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The deep terrestrial underground

Contrary to common perception, the deep subsurface is not one, massive, compressed space of rock. Rocks are fractured and in those fractures runs water. According to Gleick et al, 2010 only 0.3% of all fresh water is accounted for in rivers and lakes, 68.4 percent in glaciers and 30 percent resides underground making the underground freshwater reservoir 100 times bigger than on the surface. The age of the water can vary from a few thousand years to >2 billion years potentially holding biological clues of a very distant past on planet Earth. Archaea, bacteria and more complex multicellular organisms have been found as deep as >4 km underground in this fissure water, many never seen before and unique to this dark and hidden world devoid of any sunlight. Because this is an energy starved ecological niche, it is a demanding and harsh world for these organisms that have sometimes different metabolisms for utilizing e.g. naturally occuring radiation derived chemicals as an energy source. Some bacteria may only divide once every 1000 years because of the scarcity of energy in this system. The discovery in 2011 of a more complex multicellular nematode (’devilworm’) was as surprising as it was unexpected. This offers hope that on other planets with a harsh environment more complex lifeforms may be able to survive. Sampling on Earth can either be done by deep drilling or visiting the deepest mines in the world. Drilling has achieved greater depths but the samples are small. Deep mines (>4.5 km) allow one to sample thousands of liters of fissure water directly on the spot with more equipment. South Africa is the preferred country as it has not only many gold, diamond and platinum mines but because they are the deepest mines in the world today. It is the only place on the planet where one can walk and sample in excess of 4 km underground. During mining operations and exploratory drilling (hot) water filled fractures are hit, a nuisance to miners, but a bounty for scientists. Water fractures may be nothing more than dripping to gushing at tens of thousands of liters/hour. Typical analysis will consist of chemical composition of the water, isotope, gas and biological content. Specialised equipment and extreme care is taken to avoid any air/external contamination from spoiling these unique samples. In the laboratory all these samples are either studied in South Africa or sent and analysed in the laboratories of the international team of scientists from Belgium, USA, Canada, South Africa, England, Switzerland and Russia. By studying this hidden world where conditions are not all that different from some other planets or conditions on Earth long ago, we hope to gain insight into the processes, environments and adaptations that allow life to thrive in this realm. Based on preliminary calculations the biomass underground effectively dwarfs that of the surface, there is more in the deep underground than meets the eye.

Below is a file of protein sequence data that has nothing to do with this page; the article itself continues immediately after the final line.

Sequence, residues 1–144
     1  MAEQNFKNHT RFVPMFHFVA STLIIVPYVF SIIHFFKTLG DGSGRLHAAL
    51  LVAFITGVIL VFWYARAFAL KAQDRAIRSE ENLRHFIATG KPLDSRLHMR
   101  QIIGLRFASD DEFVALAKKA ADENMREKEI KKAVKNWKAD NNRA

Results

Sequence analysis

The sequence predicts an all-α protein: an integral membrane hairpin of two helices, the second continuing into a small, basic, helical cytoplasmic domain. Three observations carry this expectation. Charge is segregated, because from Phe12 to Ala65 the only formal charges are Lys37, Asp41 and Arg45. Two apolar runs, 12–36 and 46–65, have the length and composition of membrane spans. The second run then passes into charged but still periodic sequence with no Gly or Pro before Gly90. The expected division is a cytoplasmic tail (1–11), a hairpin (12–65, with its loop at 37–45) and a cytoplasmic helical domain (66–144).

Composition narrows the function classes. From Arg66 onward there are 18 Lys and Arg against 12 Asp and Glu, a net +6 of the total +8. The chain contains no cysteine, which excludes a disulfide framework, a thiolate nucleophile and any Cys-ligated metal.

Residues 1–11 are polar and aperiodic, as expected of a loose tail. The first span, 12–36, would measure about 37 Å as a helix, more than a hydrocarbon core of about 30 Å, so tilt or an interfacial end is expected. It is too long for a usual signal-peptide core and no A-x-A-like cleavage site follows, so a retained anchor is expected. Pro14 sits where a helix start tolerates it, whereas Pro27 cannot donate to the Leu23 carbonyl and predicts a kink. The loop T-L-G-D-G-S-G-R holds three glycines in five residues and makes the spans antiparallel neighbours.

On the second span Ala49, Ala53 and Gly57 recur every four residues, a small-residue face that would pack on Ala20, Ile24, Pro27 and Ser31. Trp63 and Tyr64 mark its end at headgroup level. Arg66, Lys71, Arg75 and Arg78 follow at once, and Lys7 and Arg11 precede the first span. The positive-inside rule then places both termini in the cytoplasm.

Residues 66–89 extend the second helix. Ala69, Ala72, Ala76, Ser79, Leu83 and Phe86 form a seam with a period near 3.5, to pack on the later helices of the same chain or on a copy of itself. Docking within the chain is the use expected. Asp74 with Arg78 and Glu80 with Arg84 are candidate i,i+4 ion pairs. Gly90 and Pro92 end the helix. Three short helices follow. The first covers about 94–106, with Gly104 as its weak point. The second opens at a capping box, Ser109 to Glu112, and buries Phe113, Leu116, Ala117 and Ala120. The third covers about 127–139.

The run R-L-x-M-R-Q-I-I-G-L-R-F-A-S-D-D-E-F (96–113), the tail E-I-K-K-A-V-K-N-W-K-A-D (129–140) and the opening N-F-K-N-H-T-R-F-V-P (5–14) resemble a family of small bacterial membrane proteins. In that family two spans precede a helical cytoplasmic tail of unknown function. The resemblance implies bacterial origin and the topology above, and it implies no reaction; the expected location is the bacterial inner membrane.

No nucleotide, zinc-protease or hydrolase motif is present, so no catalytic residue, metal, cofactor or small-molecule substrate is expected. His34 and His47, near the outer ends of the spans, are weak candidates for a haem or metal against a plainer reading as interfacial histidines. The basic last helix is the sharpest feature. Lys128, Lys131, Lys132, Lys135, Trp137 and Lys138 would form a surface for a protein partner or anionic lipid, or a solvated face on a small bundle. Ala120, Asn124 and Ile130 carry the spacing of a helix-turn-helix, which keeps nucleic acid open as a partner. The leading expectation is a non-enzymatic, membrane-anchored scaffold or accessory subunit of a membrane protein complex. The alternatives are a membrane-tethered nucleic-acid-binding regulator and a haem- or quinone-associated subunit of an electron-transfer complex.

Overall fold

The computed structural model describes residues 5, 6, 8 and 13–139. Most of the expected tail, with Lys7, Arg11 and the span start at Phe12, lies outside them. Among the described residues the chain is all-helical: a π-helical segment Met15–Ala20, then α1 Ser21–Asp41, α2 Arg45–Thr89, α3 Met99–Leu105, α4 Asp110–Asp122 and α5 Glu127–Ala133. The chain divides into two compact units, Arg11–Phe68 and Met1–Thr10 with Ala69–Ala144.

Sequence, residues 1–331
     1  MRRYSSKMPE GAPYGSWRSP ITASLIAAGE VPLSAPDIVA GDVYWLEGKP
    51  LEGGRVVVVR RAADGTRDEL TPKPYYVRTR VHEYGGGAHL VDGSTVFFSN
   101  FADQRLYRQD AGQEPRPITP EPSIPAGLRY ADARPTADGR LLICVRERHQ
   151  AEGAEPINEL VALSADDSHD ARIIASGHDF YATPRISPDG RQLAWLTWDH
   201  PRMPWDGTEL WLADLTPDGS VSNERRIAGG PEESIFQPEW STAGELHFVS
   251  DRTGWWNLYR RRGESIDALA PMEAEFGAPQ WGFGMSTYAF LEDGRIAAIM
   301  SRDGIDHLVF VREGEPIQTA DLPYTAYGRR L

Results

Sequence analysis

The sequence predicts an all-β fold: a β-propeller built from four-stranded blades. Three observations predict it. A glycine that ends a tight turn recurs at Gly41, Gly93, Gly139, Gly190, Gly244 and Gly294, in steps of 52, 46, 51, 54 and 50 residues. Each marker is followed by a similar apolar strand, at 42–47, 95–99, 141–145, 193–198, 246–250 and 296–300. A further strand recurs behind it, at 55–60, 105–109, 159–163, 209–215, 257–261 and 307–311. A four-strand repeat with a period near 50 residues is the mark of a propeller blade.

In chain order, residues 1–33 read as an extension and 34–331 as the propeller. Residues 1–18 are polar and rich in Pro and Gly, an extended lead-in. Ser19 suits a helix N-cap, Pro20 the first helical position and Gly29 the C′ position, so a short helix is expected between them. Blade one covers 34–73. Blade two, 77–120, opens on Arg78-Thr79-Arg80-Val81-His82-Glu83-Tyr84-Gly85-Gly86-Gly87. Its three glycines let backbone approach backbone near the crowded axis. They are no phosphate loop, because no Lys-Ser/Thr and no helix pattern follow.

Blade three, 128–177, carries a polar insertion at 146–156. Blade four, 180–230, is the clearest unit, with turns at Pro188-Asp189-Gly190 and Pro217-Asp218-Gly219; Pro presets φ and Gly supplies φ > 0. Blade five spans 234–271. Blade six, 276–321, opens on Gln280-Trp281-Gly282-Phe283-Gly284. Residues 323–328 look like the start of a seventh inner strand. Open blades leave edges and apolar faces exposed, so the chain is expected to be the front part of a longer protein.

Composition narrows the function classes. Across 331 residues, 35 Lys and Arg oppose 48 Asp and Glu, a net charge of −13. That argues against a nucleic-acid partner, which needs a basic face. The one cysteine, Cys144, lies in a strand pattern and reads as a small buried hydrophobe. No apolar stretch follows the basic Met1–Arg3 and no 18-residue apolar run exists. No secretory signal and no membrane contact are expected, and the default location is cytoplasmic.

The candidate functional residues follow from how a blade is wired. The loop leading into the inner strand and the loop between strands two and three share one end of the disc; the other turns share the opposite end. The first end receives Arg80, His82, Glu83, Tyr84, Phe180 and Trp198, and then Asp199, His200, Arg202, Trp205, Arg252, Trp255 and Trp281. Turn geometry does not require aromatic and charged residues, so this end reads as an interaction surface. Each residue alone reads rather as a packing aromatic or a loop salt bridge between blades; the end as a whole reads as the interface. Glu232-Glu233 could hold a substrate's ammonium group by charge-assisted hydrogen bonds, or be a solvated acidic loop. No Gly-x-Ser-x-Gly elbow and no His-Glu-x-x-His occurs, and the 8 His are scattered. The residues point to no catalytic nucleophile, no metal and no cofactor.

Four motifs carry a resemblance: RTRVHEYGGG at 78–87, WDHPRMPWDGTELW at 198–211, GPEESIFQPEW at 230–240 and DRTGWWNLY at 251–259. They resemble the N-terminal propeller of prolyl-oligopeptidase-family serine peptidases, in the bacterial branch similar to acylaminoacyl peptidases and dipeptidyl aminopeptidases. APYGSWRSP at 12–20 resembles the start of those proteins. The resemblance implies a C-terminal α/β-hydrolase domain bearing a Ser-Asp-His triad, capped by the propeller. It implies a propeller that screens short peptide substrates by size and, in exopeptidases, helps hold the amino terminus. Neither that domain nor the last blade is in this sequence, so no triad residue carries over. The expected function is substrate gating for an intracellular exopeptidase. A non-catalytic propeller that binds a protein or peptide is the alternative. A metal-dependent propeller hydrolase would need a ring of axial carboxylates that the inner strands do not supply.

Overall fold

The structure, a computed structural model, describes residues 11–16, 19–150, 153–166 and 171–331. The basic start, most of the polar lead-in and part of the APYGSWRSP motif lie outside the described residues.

All pictures copyright Eli except top right courtesy of Dr B.Linage Alvarez
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